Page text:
With biopharma IPOs surging, GoodRx guns for $750M raise
The 2020 biopharma IPO wave has picked up a company or two that doesn’t look like your traditional drug developer. In June, most notably, Royalty Pharma, a company that has made a tidy business over the years buying up future royalties for approved and experimental drugs, nabbed the largest biotech — if you can a call it a biotech — IPO in history at $2.2 billion.
Then on Friday, after a week dominated by small-cap offerings like Virios Therapeutics, GoodRx announced they too would try to go public. And although they don’t quite have Pablo Legorreta-like ambitions, the consumer prescription drug platform and drug price watchdog is reportedly still shooting well above Moderna: $750 million.
GoodRx was one of two notable biopharma companies to file on the SEC late Friday, along with the UK-based psilocybin biotech Compass Pathways. Both jotted $100 million for their goal raise, although that figure has become a standard placeholder for biotechs this year, before companies fully gauge interest and replace it with a more headline-grabbing number. Rennaissance Capital expects GoodRx to collect up to $750 million.
That figure — three times what, say, leading Covid-19 vaccine developer CureVac, raised — may be surprising for a company that might be most known for putting out annual lists of the world’s most expensive drugs and helping folks, particularly seniors, compare prices for their prescription medicines. But GoodRx has in fact become quite profitable over the last four years. In 2019, they raked in $388 million, for a profit of $66 million. Through the first of half of this year, they were on track to take in $500 million and pocket $100 million.
How do they do that? Although the company says on its site that they make money from “advertisements on our site and referral fees,” the vast majority of revenue actually comes from the latter, as they acknowledge in their IPO. When people use the GoodRx platform to find drug prices lower than what pharmacies set, they can then use the GoodRx code to buy the drug at that price. Pharmacy benefit managers will then pay GoodRx a portion of the fee they get from the pharmacy. Because most prescriptions repeat, it creates a stable source of revenue.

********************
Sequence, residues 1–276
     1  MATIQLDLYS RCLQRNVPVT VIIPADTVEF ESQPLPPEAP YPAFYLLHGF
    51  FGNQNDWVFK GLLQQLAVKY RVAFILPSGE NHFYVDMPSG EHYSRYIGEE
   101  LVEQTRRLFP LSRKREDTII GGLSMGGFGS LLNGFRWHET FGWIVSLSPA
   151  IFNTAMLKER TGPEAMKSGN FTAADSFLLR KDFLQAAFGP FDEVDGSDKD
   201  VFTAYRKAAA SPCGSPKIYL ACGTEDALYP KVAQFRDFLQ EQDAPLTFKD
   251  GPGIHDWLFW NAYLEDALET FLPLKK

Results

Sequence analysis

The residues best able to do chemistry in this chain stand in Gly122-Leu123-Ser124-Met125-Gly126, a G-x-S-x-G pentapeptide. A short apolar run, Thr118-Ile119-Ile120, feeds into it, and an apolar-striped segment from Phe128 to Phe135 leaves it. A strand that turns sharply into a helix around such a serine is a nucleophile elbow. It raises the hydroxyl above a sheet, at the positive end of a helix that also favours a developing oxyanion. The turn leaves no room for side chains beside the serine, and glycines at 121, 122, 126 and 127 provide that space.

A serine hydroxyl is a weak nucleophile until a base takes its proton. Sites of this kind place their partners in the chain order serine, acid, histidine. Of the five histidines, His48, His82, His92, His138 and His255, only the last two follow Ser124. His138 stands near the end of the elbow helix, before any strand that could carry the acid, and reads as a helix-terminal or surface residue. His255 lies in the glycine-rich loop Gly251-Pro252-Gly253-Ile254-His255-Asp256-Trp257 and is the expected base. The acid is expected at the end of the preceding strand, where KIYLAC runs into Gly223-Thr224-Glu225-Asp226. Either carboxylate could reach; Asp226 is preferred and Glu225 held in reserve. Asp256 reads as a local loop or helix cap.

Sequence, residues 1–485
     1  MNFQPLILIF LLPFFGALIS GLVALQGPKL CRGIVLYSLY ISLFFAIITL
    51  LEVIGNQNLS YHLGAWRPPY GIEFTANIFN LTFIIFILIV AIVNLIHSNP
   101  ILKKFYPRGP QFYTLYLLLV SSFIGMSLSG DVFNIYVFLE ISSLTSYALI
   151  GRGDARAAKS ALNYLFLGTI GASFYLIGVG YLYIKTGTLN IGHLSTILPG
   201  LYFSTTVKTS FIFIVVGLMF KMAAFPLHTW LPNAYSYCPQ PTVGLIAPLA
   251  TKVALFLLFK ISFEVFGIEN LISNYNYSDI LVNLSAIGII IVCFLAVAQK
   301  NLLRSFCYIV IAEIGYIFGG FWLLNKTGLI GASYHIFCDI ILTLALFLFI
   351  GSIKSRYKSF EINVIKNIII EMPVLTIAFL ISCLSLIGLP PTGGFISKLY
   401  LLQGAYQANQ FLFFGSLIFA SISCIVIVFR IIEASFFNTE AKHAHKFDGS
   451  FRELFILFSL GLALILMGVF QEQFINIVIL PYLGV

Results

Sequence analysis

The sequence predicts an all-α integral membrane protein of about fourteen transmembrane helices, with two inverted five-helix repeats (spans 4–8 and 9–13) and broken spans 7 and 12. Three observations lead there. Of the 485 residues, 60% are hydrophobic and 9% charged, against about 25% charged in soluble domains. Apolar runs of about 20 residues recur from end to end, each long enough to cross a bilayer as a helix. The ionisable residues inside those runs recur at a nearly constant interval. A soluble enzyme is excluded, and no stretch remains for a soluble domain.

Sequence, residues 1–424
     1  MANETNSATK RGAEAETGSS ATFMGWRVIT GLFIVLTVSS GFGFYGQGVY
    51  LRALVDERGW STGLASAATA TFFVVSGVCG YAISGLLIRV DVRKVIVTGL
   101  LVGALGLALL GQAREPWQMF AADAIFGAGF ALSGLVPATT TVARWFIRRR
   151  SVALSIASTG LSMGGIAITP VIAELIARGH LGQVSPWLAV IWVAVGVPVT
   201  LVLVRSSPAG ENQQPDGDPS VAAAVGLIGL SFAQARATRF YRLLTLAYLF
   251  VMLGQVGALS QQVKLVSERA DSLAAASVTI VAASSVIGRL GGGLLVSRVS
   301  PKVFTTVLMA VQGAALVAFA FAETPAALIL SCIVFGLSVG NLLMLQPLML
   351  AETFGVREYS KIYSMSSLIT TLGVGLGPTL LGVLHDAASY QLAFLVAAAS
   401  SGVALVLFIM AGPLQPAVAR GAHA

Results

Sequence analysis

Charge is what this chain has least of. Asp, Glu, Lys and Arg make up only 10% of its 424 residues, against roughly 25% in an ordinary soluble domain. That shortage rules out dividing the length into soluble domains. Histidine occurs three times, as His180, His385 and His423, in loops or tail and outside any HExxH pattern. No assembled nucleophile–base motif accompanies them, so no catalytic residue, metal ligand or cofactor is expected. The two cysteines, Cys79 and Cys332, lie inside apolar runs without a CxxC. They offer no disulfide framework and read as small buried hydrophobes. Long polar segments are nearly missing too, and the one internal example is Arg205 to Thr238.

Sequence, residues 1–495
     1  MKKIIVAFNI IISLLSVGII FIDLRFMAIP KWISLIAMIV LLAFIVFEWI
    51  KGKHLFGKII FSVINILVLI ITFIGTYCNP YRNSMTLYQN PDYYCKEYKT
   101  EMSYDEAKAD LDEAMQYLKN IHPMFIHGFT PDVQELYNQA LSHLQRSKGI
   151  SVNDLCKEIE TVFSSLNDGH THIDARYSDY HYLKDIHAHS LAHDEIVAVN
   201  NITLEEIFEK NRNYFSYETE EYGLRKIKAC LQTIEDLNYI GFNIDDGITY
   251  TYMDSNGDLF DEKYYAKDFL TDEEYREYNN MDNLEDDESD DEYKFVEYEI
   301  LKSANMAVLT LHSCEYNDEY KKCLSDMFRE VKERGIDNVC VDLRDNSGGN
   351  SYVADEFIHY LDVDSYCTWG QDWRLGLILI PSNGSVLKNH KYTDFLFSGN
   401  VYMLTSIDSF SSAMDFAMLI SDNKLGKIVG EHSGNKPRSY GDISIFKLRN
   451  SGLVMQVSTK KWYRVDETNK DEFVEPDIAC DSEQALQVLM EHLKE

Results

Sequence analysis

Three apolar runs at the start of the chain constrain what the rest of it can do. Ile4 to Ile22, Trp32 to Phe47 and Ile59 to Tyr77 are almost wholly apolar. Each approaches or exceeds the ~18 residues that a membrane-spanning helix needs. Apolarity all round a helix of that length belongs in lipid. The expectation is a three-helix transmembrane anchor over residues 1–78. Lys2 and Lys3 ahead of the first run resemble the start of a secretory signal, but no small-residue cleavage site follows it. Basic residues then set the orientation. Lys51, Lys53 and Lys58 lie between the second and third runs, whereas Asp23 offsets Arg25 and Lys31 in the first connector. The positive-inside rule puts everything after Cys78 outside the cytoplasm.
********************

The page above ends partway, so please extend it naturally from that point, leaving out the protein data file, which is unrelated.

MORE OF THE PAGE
On Twitter, Adam Fein of Drug Channels outlined the approach in greater depth.
Wow. Insanely profitable! EBITDA = 40%
1. Consumer uses GoodRx
2. Pharmacy pays #PBM
3. PBM pays GoodRx $$$
The following tweets explain how our crazy drug channel system enables this business pic.twitter.com/5x28NuLbVt
— Adam J. Fein (@DrugChannels) August 29, 2020
Compass, by contrast, is a more classic drug development raise, though biotech deviates some from the traditional. As researchers and mental health providers have rekindled interest in the therapeutic applications of psychedelics, they have become perhaps the most closely-watched psychedelic drug developer. Partially owned by ATAI, which has been amassing a portfolio of biotechs focused on alternative mental health approaches, the company patented a method of producing psilocybin in a lab, a key step for assuring it can be mass-produced and profitable. (Psilocybin, a natural product found in mushrooms and discovered decades ago, is not patentable on its own, a stumbling block for industry.)
The company, which is also backed by Peter Thiel, most recently raised $80 million in April to move into Phase III for treatment-resistant depression. Their drug has already received breakthrough designation in that field, and they’ll use proceeds from the round to push through clinical testing and into other neurological indications.